FTX Founder Sam Bankman-Fried Has Been Found Guilty of Fraud

In crypto circles, the Bankman-Fried trial was considered a “galactic embarrassment”, a spectacle whose outcome would have little effect on the prospects or trajectory of the remaining crypto companies, but would cast a dark cloud over the industry and attract a torrent of unflattering press.

Its conclusion marks an opportunity for the crypto sector to start fresh. Bankman-Fried and FTX may be the story du jour, says Kurt Wuckert Jr., a Bitcoin expert at media company CoinGeek, but they will soon become artifacts of crypto history, as the closure of the Silk Road underground market Or Mt. Gox Stock Exchange Bankruptcy. FTX will become just another “reference point,” he says.

But that doesn’t prevent another similar fraud from happening in the future, Wuckert Jr. says, especially since it remains a problem. lack of regulatory clarity regarding cryptography in jurisdictions like the United States. Bankman-Fried’s conviction doesn’t mean “crypto is clean,” says Kyla Curley, a forensic crypto investigator and partner at compliance consultancy StoneTurn. Until crypto companies are required to adhere to a clear, industry-specific set of standards, she says, “buyer beware” remains the message.

Perhaps the most immediately tangible benefit of the conviction is its cathartic effect for FTX’s customers, although it will have no impact on the amount of money returned at the end of the bankruptcy process. “It’s more about justice, feelings and emotions,” says Mike van Rossum, founder of trading company Folkvang, a creditor and shareholder of FTX. “We need a world where there is accountability for the bad things you do. In Sam’s case, bad things were done.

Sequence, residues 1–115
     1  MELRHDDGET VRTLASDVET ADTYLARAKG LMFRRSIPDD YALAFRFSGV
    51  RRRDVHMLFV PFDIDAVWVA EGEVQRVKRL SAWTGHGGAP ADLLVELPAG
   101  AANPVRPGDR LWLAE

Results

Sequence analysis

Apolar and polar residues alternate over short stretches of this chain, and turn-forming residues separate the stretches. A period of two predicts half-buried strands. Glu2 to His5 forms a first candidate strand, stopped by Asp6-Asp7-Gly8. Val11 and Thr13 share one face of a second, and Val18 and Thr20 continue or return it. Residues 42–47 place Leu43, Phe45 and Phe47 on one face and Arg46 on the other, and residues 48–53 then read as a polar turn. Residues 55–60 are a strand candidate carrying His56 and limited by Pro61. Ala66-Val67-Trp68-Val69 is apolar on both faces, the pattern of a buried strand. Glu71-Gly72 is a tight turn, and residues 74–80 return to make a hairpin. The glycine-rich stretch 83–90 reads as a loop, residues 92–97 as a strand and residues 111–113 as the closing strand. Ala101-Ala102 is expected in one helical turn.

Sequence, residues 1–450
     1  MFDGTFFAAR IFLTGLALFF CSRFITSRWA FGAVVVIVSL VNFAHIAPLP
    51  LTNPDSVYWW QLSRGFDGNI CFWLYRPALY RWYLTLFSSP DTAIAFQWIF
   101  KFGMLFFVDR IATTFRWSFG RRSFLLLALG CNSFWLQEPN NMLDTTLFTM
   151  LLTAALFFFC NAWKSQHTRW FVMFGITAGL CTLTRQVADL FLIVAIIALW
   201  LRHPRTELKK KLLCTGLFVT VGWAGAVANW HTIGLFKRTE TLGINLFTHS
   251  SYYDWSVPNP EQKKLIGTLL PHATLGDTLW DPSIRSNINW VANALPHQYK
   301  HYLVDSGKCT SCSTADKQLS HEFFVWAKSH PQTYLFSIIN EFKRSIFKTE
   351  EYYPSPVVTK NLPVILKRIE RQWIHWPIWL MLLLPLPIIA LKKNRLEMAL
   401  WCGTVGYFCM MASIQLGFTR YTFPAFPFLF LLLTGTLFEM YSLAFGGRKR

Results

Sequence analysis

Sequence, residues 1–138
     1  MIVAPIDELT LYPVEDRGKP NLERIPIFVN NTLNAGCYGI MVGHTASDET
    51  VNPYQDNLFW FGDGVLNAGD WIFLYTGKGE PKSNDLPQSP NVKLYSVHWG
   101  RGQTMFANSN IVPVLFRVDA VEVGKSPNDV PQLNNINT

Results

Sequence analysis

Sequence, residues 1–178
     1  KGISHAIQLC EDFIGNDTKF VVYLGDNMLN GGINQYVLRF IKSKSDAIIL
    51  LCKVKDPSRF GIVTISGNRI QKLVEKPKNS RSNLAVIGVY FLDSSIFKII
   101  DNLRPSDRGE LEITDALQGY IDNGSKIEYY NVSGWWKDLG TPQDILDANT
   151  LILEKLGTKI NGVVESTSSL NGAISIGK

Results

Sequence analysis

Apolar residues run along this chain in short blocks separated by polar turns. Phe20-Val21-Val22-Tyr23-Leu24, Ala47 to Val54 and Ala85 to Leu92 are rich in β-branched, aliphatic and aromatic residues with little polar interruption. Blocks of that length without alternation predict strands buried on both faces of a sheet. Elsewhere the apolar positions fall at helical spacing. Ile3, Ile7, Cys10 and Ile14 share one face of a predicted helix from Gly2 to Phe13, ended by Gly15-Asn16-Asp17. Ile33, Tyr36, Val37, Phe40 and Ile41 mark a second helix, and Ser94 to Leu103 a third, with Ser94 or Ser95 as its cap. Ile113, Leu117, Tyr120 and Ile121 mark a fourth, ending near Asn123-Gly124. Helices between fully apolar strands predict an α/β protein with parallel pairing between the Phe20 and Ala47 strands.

Now that the jury has returned its verdict, Judge Lewis Kaplan will decide on an appropriate sentence for Bankman-Fried. The maximum prison term for the seven counts he was convicted of is more than one hundred years. But in practice, Estes says, the sentence will likely be much lower than that figure. Kaplan is expected to make a decision on this in the coming months.

In the meantime, Bankman-Fried must prepare for a second trial. In March 2024, he will stand trial on five additional charges brought by the DoJ in the months following his first arrest, including conspiracy to commit bank fraud, conspiracy to commit bribery and fraud in securities.

The problem for Bankman-Fried, Estes said, was always that he had to defeat each of the 12 charges against him to be released. This was made more difficult when his trial was split in two, leaving him with two sets of jurors to convince. Although the burden of proof was on the U.S. government, Bankman-Fried faced an “uphill battle,” Estes says, because he only needed to be convicted of “one count in one or ‘other trials’ so the judge can ‘sentence him to prison.

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